I found one small reason for deploying to disk, highlight by this blog by David Jennaway, where he mentions if you plugins have dependant dll’s you can put them in the same directory as the plugin, in a similar way the plugin registration tool has the CRM SDK dll’s in the same directory but this isn’t much of a reason.

What can you restart and how does it effect plugins

There are a few things which you can restart which can affect your CRM plugins.  I will state plugins deployed to the CRM database do not need any of these restarted, which is another good reason to deploy your plugins to the CRM database.

  • IIS Server
  • Recycle CRM App pool
  • Restart CRM Services

You do sometimes need to check the IIS Server or CRM services if your CRM isn’t working, for more detail check out the article Microsoft Dynamics CRM not working? check these common causes

IIS Server

Lots of CRM developers I have met do an IIS Reset and Async CRM Services restart when ever they deploy a plugin, even when the plugin is deployed in the database and they didn’t need to.  The reason they did this was because the CRM developer who helped them learn CRM did it, so now they do it.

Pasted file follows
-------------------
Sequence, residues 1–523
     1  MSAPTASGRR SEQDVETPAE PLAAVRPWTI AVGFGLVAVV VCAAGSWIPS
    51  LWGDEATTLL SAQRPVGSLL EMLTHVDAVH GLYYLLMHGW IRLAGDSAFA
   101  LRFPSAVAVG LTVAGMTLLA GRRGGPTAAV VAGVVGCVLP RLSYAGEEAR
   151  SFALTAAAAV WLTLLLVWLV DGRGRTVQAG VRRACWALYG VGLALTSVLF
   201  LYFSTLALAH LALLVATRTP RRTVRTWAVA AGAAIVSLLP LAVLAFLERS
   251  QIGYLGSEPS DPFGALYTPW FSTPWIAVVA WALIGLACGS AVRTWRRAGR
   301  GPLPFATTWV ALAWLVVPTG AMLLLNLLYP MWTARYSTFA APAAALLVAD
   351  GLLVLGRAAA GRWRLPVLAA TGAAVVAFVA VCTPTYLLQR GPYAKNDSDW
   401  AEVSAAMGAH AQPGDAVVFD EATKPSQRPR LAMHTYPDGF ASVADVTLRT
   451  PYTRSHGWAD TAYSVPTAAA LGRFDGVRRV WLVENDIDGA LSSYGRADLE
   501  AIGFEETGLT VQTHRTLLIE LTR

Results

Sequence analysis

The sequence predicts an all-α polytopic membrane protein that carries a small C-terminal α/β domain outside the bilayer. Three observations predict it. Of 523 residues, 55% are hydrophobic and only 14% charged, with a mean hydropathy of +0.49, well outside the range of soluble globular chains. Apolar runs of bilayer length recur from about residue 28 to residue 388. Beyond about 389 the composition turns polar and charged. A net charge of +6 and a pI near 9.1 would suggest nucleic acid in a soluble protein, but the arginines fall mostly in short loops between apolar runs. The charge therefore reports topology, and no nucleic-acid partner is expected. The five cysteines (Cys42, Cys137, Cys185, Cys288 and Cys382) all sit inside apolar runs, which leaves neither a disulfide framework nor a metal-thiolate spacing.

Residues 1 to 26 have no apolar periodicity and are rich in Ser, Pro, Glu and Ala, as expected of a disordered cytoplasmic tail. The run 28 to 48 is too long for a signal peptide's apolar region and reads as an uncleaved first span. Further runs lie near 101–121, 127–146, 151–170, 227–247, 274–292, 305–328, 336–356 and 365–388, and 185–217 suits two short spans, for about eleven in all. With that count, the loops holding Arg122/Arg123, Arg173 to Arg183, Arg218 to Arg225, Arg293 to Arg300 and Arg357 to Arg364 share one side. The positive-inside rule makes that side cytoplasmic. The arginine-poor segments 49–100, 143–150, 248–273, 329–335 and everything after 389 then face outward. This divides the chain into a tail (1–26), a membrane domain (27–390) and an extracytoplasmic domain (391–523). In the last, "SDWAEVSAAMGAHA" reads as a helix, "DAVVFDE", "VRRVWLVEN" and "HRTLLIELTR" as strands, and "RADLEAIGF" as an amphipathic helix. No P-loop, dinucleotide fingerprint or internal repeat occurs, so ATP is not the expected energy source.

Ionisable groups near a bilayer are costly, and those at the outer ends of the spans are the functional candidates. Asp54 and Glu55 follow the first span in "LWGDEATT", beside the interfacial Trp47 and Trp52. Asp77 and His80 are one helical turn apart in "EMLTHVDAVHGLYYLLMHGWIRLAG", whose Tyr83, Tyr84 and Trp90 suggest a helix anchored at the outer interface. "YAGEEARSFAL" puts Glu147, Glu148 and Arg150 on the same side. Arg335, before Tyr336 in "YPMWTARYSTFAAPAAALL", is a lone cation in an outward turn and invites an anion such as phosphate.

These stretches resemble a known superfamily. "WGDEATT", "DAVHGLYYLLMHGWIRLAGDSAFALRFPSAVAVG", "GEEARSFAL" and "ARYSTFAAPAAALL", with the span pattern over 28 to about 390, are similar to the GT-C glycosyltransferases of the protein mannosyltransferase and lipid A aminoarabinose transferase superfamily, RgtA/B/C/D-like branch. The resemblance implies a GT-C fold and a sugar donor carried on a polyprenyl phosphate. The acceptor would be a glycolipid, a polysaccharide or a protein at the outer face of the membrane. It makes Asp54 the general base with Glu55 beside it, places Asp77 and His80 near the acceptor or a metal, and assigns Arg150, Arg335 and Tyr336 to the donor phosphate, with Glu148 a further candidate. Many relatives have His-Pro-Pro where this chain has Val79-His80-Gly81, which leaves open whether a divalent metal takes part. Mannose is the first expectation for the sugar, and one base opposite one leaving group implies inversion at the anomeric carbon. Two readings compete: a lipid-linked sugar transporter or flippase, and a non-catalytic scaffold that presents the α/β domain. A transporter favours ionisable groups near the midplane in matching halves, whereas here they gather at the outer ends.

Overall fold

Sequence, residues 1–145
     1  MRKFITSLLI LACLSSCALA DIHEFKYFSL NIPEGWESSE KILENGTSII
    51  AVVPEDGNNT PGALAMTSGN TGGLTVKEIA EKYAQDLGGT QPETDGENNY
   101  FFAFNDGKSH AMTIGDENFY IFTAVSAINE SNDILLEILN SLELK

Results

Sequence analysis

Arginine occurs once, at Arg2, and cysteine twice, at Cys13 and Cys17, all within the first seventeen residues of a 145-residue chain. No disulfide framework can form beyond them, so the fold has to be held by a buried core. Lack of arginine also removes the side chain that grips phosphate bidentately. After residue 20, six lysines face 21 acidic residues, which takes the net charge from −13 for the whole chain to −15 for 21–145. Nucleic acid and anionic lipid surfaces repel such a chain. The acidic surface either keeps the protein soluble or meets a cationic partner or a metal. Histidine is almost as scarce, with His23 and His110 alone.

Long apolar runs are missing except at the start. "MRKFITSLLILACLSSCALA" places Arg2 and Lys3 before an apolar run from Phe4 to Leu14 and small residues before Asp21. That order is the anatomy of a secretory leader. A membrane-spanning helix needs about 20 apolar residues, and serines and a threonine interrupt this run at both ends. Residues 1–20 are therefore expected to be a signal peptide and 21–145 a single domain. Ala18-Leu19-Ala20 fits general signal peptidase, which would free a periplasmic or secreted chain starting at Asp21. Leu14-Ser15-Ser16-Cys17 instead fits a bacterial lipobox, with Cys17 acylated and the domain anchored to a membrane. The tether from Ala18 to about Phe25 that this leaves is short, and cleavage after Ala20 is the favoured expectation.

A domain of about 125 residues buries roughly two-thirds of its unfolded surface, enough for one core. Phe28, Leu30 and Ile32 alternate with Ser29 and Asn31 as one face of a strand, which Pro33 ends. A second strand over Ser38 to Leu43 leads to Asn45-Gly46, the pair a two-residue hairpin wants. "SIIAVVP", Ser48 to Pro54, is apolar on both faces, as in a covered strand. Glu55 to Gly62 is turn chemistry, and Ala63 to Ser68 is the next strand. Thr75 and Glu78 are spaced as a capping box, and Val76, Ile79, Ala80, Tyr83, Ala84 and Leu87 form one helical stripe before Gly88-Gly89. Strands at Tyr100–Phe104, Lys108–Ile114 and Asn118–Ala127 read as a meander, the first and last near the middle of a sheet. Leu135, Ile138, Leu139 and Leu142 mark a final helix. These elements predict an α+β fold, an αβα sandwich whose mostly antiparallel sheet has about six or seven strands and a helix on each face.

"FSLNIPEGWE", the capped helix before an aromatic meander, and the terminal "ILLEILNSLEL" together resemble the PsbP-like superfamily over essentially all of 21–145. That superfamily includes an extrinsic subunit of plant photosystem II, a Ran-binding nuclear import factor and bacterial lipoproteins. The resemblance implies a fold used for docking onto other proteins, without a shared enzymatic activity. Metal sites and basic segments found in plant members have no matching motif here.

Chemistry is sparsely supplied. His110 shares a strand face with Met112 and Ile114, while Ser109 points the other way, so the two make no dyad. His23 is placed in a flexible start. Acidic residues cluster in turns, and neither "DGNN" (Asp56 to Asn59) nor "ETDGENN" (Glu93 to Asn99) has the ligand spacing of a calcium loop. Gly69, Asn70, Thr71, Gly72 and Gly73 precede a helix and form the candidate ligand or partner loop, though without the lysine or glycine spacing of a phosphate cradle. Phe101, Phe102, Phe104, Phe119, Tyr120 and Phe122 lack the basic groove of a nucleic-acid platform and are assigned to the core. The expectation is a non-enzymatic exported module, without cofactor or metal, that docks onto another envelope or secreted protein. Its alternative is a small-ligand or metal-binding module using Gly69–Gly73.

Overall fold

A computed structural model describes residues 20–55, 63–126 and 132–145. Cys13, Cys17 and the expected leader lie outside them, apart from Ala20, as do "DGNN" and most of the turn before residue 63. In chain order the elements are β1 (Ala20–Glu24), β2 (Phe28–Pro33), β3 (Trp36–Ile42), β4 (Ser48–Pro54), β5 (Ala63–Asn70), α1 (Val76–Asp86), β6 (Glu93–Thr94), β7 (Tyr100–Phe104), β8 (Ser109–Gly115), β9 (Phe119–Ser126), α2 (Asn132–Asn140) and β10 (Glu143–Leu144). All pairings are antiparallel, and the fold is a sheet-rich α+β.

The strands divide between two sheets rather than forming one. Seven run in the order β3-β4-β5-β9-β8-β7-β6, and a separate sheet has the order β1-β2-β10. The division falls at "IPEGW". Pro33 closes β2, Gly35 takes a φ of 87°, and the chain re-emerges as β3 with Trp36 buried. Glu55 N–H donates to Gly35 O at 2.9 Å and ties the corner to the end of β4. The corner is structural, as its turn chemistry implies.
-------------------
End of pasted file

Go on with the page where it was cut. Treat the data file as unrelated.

First lets understand what doing an IIS Reset does.  When you type IISRESET into the cmd line or go to the IIS server and click restart.  The first thing you should do is warn the users you are about to take down CRM and all other websites and web services hosted in IIS.  The key point is it restarts everything on the IIS server and not just CRM, make sure you want to restart everything.

IISRESET restarts these services, it’s the same as stopping and then starting the three services below according to this post 

  • IIS Admin Service
  • Windows Process Activation